Poetry Wednesday: Freedom

There are many, many poems  about America and its ideals, some glowing, some militaristic or cynical, celebratory or sad.

But this year, as our country struggles loudly with itself and clutches a past that never was while striving for a future that finally seems possible, this poem—written by an Englishman who was not thinking of us—seems to contain the whole of our history from that first day of declaration to this:

Of Old Sat Freedom of the Heights
(Alfred, Lord Tennyson)

Of old sat Freedom on the heights,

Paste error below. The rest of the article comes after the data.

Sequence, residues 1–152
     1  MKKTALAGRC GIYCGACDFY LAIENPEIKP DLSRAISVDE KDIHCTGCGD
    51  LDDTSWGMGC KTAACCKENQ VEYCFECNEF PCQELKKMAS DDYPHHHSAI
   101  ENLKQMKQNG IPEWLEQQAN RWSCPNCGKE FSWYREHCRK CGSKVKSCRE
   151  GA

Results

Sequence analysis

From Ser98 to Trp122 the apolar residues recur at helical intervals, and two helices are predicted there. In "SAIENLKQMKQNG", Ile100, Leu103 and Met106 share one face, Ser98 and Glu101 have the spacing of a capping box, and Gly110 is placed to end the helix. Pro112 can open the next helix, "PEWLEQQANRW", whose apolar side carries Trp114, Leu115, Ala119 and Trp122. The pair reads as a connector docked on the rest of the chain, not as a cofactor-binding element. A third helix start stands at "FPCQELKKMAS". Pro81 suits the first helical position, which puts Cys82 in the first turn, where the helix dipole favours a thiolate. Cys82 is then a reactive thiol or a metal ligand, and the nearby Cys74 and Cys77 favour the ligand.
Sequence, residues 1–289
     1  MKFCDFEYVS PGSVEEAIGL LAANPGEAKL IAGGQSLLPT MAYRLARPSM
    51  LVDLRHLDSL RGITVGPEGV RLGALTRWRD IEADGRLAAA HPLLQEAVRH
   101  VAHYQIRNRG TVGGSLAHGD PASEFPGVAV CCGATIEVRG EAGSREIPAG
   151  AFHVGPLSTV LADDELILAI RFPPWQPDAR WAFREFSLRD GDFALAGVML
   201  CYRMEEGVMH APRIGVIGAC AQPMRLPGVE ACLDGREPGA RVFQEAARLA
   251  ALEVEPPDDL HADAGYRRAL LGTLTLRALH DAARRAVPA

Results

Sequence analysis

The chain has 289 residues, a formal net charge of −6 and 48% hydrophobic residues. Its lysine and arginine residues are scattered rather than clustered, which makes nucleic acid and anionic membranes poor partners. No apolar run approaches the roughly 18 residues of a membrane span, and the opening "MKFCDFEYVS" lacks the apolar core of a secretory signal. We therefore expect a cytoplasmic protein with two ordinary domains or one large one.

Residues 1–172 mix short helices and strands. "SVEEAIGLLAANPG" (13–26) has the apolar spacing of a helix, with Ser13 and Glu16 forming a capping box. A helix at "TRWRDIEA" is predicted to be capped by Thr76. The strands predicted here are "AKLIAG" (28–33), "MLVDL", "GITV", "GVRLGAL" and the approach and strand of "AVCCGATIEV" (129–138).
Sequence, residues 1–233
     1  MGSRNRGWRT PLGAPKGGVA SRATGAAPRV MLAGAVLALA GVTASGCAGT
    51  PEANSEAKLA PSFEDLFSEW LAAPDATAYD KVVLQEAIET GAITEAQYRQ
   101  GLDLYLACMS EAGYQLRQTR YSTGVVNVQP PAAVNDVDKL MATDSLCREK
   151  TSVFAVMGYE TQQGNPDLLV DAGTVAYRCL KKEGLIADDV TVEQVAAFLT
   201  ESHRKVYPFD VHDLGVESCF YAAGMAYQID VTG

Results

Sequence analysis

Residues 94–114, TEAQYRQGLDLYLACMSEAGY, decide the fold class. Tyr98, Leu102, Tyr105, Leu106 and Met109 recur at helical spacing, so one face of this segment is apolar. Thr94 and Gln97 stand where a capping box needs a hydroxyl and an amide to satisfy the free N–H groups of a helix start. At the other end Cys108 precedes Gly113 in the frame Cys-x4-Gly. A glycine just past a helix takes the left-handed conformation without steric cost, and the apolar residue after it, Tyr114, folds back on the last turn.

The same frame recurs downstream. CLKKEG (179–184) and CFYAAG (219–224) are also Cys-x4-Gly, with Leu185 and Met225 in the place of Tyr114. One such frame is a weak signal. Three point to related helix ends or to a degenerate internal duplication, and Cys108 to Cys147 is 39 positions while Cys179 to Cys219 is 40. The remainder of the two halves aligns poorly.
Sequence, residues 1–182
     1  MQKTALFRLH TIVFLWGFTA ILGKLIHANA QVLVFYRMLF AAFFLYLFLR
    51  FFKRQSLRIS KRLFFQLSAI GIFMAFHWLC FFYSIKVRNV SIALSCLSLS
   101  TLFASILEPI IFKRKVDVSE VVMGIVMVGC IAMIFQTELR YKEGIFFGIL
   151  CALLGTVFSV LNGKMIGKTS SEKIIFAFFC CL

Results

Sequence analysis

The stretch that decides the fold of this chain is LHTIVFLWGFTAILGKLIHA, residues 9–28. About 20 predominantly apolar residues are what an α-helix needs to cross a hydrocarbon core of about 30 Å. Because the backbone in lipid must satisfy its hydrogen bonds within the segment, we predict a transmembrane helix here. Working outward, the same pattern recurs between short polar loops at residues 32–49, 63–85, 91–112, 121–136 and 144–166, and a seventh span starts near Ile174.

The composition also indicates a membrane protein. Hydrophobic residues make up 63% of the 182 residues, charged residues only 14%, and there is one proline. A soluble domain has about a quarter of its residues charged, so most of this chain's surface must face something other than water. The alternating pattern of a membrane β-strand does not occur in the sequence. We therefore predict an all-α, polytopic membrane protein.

The thunders breaking at her feet:
Above her shook the starry lights:
      She heard the torrents meet.

   There in her place she did rejoice,
      Self-gather’d in her prophet-mind,
But fragments of her mighty voice
      Came rolling on the wind.

   Then stept she down thro’ town and field
      To mingle with the human race,
And part by part to men reveal’d
      The fulness of her face—

   Grave mother of majestic works,
      From her isle-altar gazing down,
Who, God-like, grasps the triple forks,
      And, King-like, wears the crown:

   Her open eyes desire the truth.
      The wisdom of a thousand years
Is in them. May perpetual youth
      Keep dry their light from tears;

   That her fair form may stand and shine,
      Make bright our days and light our dreams,
Turning to scorn with lips divine
      The falsehood of extremes!